3 Ways Non-Traditional Students Can Seek Financial Aid

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You're ready to head back to school and finally earn the degree you've been dreaming of, but the cost of college has you feeling concerned. You don't have the budget to cover the costs of school, family, and living expenses all at once – even with a regular paycheck.  

Don't let the anxiety of paying for college stop you from pursuing your dreams. There are plenty of ways you can find financial assistance, even – and sometimes especially – as a non-traditional student. Here are three ways you can seek funding to help you pay for college so you can get the degree you deserve without sacrificing all of your savings.

1. Apply for Federal Student Aid

The Free Application for Federal Student Aid (FAFSA) is a form administered through the U.S. Department of Education to determine your aid eligibility. Although the FAFSA is most often associated with students entering college straight out of high school, there is ultimately no age limit to fill out the FAFSA. Filing your FAFSA is the first step to figuring out whether you qualify for federal financial aid, including grants, work-study programs, and loans. States and schools will also use your FAFSA to calculate aid packages. 

Fill out the FAFSA as soon as you can once the form becomes available. If you don't have your tax return information compiled early enough, use estimates that you can verify once your taxes for the year are filed.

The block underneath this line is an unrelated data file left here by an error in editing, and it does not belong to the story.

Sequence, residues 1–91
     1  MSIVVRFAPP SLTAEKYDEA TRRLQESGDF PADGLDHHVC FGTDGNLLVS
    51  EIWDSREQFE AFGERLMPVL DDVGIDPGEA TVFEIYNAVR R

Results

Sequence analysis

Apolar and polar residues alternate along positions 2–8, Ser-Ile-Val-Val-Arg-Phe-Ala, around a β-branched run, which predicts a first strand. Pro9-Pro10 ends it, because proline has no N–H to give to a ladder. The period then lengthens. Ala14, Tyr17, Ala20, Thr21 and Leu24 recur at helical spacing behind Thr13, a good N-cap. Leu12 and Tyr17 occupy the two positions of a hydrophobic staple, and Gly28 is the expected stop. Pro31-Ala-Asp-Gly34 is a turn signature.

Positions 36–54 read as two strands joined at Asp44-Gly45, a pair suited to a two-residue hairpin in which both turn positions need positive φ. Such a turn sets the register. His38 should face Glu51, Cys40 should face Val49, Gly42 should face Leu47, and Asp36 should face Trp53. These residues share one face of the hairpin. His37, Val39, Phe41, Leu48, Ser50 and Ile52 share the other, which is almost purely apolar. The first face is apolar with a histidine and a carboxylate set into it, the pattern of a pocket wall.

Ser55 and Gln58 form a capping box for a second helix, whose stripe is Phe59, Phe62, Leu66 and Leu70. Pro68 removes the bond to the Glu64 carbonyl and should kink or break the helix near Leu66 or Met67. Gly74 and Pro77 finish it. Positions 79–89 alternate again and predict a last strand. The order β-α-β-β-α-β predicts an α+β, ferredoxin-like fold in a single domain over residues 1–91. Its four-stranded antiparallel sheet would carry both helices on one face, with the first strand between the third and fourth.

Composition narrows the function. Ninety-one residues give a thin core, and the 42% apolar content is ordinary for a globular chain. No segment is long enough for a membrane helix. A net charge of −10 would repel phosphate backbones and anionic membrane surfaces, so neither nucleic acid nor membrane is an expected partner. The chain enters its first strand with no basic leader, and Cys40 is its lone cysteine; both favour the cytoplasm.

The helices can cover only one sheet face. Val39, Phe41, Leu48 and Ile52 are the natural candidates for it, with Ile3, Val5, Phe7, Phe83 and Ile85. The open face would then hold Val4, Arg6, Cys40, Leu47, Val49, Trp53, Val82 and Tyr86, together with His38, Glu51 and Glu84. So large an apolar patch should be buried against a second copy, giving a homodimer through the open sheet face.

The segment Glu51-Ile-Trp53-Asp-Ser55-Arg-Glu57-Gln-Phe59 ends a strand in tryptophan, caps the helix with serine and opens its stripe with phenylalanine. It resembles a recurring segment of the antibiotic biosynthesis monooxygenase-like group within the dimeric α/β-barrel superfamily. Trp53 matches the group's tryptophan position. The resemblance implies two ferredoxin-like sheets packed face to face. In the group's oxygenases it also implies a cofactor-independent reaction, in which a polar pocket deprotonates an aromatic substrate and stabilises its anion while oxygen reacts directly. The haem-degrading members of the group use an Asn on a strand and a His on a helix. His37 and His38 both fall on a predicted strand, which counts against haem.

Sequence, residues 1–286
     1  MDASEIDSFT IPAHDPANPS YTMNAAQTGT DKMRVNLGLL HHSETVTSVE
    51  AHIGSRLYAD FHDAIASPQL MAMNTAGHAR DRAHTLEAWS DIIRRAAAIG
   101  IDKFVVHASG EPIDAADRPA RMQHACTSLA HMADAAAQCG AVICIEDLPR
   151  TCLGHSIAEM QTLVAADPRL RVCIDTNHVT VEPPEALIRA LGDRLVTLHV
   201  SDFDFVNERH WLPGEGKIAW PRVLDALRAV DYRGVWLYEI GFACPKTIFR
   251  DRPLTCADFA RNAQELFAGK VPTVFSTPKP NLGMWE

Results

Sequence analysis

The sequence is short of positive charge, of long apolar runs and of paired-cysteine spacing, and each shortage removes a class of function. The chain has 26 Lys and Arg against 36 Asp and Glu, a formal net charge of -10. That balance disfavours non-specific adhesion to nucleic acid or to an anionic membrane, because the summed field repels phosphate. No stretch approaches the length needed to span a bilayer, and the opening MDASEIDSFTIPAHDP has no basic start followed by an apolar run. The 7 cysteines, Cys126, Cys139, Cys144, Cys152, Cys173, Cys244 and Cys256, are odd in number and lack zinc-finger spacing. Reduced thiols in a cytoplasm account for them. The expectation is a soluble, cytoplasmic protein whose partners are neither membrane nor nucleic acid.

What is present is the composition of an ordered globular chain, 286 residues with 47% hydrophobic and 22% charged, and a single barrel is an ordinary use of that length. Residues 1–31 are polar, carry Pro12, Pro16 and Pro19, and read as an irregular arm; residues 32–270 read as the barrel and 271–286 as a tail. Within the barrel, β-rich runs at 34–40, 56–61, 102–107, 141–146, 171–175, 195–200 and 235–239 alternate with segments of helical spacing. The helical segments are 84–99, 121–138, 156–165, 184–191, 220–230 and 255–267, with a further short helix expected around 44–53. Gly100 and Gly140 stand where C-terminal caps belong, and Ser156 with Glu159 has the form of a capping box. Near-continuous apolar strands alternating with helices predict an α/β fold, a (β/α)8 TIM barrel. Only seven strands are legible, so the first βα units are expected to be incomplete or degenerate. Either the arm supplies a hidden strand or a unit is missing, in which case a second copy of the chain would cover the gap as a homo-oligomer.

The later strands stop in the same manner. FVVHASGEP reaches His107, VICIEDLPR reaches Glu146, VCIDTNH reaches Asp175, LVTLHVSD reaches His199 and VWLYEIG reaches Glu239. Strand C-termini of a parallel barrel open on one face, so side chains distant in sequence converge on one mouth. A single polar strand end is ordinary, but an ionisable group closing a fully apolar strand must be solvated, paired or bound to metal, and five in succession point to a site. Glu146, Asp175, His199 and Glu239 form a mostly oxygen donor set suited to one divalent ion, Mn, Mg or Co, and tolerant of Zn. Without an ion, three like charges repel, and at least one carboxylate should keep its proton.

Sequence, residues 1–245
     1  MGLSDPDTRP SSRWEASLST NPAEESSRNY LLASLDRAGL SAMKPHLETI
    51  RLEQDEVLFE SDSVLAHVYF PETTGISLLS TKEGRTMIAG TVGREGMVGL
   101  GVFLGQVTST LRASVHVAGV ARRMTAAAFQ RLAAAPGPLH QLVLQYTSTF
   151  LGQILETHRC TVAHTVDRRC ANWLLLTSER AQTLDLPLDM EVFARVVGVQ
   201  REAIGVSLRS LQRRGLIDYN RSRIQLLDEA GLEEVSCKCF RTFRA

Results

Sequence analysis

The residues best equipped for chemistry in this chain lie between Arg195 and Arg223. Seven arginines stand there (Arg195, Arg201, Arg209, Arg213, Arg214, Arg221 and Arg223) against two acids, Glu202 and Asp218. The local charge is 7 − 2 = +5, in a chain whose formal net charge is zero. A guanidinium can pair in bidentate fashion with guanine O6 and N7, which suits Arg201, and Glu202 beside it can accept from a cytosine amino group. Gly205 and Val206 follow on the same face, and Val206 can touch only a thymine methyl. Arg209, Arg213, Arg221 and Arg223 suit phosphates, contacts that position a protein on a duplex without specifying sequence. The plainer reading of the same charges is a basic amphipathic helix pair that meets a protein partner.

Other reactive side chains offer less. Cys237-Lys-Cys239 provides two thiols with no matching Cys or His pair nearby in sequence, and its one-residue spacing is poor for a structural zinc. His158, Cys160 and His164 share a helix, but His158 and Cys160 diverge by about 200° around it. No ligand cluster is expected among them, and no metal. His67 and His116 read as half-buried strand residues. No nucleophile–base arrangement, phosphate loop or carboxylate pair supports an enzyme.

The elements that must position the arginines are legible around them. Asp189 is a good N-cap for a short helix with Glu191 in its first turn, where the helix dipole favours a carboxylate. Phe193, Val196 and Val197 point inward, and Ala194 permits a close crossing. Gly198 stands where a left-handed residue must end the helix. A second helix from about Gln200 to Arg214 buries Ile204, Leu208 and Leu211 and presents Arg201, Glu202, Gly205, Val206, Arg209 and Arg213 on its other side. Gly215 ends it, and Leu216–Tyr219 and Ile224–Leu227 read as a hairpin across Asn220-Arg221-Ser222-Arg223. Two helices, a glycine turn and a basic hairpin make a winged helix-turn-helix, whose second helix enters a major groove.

2. Ask Your Employer

If you are currently employed, check with your employer’s human resources office to see if they offer any type of tuition assistance. You might be surprised to learn what is available to you. Keep in mind that some companies may require that you to agree to work for a specific amount of time after graduating or that you maintain a certain GPA while enrolled in order to qualify for assistance. Be sure to ask your employer if the money will be distributed to you directly upfront, if it will be sent to the school, or if it is offered as a reimbursement so you can budget your finances accordingly.

3. Search for Scholarships

Start with the financial aid office at your college of choice to find out what kind of student aid they offer beyond federal assistance. Sometimes, schools will restrict their financial aid programs to those seeking their first bachelor's degree, but some schools waive these restrictions for non-traditional students who want to earn a second degree in preparation for a career change. Your school's financial aid office may also direct you to additional resources that offer outside assistance. 

Non-traditional students can benefit from applying for private scholarships and grants, which don't have to be repaid. Many organizations and companies sponsor programs that are specially designed for non-traditional students going back to school, so you don't have to worry that scholarships are only available for traditionally-aged college students. Some scholarships are based on merit, while others include criteria like a minimum age threshold, being a single parent, nationality, or your socioeconomic background. 

Opportunities abound for non-traditional students seeking financial aid. With a bit of resourcefulness and tenacity it’s possible to ease the burden of education expenses—even if it’s been years since you’ve written a paper or cracked open a textbook. From federal aid to employer assistance and scholarships, you’ll find multiple avenues towards realizing your academic, professional, and personal goals.

Written by Ashford University staff.

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